Frank DeCarlo
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Frank DeCarlo

Jim Poris / March 2010

Food Arts presents the March 2010 Silver Spoon Award for sterling performance to Frank DeCarlo, the hardworking maestro of Italian wood-fired oven cookery. Call him the Brett Favre of chefs, for like the ageless quarterback, the 50 year old DeCarlo still relishes the nightly sweaty sprint of cooking on the line at his aptly named Peasant in New York City's Nolita 'hood. A prototypical hardcore, no-fuss chef (without the cuss words) long before bush-faced bloggers began wallowing in the image of cooks as butcher-muscled urban combatants, DeCarlo won't even unroll his sleeves to expedite.

"That's the worst job there is in a kitchen," he says, Jersey guy dripping from every word. "I want to be cooking. That's what I signed up for."

DeCarlo has been punching his culinary time card for over 30 years. After teenaged visions of being a drummer got punctured in Los Angeles, DeCarlo returned home to find himself under the tutelage of the Pugliese chef Donato Deserio at the well-regarded Il Cortile in New York City's Little Italy. Five years there and an eye-opening stint at the restaurant Nicola Von Westerhout (named for a 19th century German composer who resided there) in Deserio's hometown of Mola di Bari laid the foundation of his culinary ethos.

"Those guys in Mola cooked in terra-cotta pots placed in a wood oven," he recalls. "They'd roast goats, rabbits, and hens. This was my influence. I'm not trying to put a spin on these classic dishes of Italy. It's why I'm cooking with hardwood charcoal, because up to about 60 years ago that's how it was done in most of Italy."

After returning from Italy, DeCarlo attended Peter Kump's New York Cooking School (now The Institute of Culinary Education), worked pastry at Le Cirque, and in 1990 opened Mazzei with two buddies from Il Cortile, expanding diners' minds with uncommon-for-the-times cuttlefish, sea urchin, and burrata. The critical hit closed in 1995, and after a few more gigs, he opened Peasant in 1999 and the Venetian wine bar Bacaro in 2007 on the Lower East Side.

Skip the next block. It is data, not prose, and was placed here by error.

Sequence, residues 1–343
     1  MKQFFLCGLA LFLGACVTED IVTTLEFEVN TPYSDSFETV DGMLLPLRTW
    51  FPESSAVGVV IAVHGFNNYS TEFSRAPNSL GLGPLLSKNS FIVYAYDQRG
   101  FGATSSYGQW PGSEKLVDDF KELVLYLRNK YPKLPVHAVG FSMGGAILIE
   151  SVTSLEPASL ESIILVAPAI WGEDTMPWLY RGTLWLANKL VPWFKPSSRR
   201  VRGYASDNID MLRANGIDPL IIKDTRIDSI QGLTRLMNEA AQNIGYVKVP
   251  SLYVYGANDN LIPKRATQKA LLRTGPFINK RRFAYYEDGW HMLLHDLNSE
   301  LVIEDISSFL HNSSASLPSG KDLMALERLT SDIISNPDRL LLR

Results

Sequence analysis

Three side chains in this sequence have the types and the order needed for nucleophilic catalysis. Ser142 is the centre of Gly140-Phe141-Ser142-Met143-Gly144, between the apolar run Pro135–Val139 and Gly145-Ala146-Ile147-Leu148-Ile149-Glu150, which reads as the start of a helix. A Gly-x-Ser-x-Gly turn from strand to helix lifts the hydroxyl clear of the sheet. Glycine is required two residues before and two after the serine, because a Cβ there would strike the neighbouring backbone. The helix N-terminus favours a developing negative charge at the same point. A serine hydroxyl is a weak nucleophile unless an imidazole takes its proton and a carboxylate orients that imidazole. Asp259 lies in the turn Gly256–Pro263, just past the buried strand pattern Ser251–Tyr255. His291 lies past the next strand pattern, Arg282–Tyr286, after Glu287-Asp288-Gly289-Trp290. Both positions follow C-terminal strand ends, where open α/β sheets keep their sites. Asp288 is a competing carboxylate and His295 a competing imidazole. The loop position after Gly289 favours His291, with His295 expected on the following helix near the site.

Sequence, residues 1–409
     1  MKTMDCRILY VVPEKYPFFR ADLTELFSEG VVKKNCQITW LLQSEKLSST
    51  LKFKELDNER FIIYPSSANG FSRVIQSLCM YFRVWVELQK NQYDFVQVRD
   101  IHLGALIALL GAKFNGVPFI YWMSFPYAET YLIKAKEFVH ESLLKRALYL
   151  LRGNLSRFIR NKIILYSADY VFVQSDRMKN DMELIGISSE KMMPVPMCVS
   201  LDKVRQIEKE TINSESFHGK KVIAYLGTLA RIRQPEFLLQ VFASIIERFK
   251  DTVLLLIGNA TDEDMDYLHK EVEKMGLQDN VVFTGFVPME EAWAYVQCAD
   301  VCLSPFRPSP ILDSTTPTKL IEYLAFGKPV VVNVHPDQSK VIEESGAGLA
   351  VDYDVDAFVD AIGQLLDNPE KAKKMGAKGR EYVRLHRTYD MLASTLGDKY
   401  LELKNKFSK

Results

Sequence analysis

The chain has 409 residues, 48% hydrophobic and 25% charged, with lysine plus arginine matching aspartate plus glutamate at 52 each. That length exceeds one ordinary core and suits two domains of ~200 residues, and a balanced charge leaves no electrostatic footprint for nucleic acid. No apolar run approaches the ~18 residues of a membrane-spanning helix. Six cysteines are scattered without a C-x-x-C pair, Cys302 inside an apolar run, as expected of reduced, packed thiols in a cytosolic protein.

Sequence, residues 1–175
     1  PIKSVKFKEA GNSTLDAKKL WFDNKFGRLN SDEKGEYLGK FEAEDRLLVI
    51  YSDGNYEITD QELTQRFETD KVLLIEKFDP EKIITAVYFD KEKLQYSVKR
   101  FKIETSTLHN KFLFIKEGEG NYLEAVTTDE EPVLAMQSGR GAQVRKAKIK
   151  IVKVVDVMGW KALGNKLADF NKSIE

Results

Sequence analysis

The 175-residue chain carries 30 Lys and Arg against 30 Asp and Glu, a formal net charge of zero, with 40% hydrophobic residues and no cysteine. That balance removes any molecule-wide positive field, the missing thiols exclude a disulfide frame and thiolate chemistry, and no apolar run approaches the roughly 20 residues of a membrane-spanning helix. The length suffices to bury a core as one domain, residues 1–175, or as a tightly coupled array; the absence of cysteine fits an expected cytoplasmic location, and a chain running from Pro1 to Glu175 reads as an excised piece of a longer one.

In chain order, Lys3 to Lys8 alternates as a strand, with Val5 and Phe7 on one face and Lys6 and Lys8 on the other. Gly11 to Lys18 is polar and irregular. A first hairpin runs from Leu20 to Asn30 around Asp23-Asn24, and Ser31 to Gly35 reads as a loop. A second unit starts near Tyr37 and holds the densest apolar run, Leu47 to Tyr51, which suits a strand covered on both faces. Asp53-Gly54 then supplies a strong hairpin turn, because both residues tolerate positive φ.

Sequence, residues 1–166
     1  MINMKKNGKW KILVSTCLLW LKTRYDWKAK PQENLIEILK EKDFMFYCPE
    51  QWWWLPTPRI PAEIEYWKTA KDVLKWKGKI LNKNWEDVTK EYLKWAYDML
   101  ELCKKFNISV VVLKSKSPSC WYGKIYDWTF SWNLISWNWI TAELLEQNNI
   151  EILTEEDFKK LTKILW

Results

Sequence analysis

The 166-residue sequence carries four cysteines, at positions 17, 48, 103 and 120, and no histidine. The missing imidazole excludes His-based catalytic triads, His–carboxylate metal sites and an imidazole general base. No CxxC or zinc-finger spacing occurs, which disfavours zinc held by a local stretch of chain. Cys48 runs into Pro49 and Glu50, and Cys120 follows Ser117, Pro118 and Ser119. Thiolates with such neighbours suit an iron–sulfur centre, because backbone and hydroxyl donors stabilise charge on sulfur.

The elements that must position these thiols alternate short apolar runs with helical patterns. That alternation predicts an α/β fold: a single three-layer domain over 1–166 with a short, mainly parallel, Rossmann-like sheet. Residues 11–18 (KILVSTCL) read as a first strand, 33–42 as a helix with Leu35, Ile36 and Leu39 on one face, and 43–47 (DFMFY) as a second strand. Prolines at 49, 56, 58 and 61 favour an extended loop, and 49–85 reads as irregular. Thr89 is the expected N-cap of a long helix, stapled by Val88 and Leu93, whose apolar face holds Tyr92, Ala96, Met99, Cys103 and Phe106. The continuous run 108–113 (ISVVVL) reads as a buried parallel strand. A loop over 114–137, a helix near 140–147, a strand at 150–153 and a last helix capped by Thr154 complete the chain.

All the while DeCarlo was becoming known as a chef's chef among his more celebrated peers. Peasant has become an after-hours dinner hangout for the likes of the late Jean-Louis Palladin, a DeCarlo soul mate; Daniel Boulud, who held a 50th birthday party there; Alain Ducasse; and Paul Bocuse, among many others. "They all like this place because it reminds them of when they started out using wood and charcoal in France," says DeCarlo. "At the end of their meal, they all wind up in the kitchen blown away by this technique. It's a real dying art."

By the summer DeCarlo may have a third downtown spot open, "an amaro bar," he says, featuring the bitter Italian elixirs with the gaudy Belle Époque labels. But he'll still be cooking. "I'm going to die in the kitchen. But I'll happy to die there, because that's where I want to be."